This post is part of a series celebrating the 65th anniversary of the American National Election Studies (ANES). The posts will seek to highlight some of the many ways in which the ANES has benefited scholarship, the public, and the advancement of science. Do you have ideas for additional posts? Please contact us by email (firstname.lastname@example.org) or Twitter (@umisrcps).
In this post, we consider the impact of ANES on a seminal work in the field, Lynn Vavreck’s The Message Matters.
Lynn Vavreck is a Professor of Political Science and Communication Studies at the University of California, Los Angeles (UCLA). Her book, The Message Matters: The Economy and Presidential Campaigns, considers the role of the economy and candidate’s reactions to the economy in determining election outcomes.
Vavreck supports this idea by analyzing six decades of elections. She considers why, when, and how campaign messages matter. The election data came from the American National Election Studies (ANES), underscoring the utility of time series data. Vavreck writes of her experience writing the book…
Without the ANES, I never could have written The Message Matters, which essentially treated each presidential candidate over the last 17 elections as an observation. With only 34 cases to work with, I leveraged the power of the tens of thousands of cases the ANES offered over that same time period to test implications of my work among voters. Because of these data, I was able to show that the things presidential candidates talk about in their campaigns affect voters in predictable and important ways. Quite apart from being irrelevant, presidential campaigns play an important role in election outcomes.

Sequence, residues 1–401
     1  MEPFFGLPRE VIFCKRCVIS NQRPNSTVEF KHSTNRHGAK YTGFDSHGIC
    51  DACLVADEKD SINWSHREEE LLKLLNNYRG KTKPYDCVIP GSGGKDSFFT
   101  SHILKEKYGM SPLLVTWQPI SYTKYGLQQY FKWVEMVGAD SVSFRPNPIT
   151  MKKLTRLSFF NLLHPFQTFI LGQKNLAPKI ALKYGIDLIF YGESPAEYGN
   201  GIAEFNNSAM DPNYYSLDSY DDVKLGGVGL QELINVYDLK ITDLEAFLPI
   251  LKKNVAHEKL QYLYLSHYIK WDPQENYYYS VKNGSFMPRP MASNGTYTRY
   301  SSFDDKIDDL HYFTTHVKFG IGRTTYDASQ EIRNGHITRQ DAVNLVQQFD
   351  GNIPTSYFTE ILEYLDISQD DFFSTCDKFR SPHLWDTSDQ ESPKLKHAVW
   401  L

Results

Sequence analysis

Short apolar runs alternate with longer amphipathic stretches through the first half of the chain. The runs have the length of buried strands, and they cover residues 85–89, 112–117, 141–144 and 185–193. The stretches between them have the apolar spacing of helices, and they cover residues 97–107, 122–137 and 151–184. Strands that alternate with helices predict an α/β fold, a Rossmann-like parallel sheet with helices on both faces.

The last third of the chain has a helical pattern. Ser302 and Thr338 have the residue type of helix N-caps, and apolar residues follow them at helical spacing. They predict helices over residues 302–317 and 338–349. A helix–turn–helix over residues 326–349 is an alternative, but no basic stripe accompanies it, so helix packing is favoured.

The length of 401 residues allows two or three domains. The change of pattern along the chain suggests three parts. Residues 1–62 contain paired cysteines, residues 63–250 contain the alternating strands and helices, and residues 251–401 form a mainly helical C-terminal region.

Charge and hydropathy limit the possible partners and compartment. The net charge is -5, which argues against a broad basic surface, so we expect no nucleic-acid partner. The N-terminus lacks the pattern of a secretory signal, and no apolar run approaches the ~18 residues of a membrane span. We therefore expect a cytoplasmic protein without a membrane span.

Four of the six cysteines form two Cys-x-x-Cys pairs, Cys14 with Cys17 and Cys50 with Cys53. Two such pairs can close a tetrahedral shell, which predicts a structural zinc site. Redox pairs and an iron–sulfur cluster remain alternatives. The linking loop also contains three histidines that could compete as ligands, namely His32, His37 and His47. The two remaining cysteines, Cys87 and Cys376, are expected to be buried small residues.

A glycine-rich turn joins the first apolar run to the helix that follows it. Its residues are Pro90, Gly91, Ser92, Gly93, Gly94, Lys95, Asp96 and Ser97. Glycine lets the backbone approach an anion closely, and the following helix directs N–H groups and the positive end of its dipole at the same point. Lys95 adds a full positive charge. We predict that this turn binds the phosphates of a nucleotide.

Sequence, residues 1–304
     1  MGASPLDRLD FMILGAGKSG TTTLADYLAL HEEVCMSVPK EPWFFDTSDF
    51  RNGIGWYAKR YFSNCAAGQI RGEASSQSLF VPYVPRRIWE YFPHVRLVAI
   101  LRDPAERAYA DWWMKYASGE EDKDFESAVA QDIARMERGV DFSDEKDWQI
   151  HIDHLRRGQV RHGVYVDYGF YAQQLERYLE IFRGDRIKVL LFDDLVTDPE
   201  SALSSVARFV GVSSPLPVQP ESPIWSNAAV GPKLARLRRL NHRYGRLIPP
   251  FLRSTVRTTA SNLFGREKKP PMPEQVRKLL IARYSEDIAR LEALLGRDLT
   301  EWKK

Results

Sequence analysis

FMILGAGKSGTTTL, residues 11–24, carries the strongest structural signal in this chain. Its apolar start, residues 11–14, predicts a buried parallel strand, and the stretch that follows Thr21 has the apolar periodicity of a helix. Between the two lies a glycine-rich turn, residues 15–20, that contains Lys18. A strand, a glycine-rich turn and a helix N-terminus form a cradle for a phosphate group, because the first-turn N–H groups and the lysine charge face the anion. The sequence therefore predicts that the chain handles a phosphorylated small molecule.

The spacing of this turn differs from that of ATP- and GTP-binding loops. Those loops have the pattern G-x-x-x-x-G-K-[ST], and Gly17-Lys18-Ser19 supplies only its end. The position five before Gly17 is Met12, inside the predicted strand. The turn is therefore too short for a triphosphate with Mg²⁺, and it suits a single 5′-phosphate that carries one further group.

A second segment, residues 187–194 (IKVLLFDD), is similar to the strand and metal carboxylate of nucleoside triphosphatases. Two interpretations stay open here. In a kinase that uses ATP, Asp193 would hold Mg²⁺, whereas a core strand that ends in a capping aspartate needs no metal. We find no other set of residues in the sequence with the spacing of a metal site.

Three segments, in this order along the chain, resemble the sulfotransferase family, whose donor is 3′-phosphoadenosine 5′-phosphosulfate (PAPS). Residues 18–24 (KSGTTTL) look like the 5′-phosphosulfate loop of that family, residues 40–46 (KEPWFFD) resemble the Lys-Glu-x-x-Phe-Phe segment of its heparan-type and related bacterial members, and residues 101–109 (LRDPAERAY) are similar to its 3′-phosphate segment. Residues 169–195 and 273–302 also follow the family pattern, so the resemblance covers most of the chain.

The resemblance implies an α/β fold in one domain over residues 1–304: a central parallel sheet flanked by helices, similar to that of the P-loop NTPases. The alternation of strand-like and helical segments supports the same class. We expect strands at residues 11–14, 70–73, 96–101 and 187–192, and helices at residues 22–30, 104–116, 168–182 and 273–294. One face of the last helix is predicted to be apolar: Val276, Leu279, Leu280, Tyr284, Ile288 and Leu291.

Using ANES data, Vavreck concludes that the economy is the single most important feature of elections since 1950, affirming prior research in the field. The Message Matters goes one step farther, demonstrating that it is against the economic backdrop that candidates must cast themselves. The messages they promote matter. In particular, how they speak about the economy matters. And how they speak about other issues matters, particularly as it affects room for discourse about the economy.
The Message Matters garnered critical praise upon its release. Paul M. Sniderman, Professor of Public Policy and Political Science at Stanford University, writes, “I have not read a book of comparable elegance of argument and mastery of analysis in years. It is outstanding on three dimensions. In its combination of analytical depth and economy, it is a model for research on election campaigns. In its fusion of theory and empirics, it is a model for research in political science. In its principled, persistent, ingenious efforts to turn up evidence against its own hypotheses, it is a model for the social sciences.” Larry M. Bartels, Professor of Political Science at Vanderbilt, raves, “Vavreck’s creative theorizing and informative historical analysis will change the way political scientists think about presidential campaigns. While giving campaign strategists their overdue due, she also sheds invaluable light on how political contexts shape their strategies and their odds of success.” Campaign consultant and pollster Stanley Greenberg declared the book “a must read” for future presidential candidates.
In sum, Vavreck’s important book was made possible in part by the time series data provided by ANES.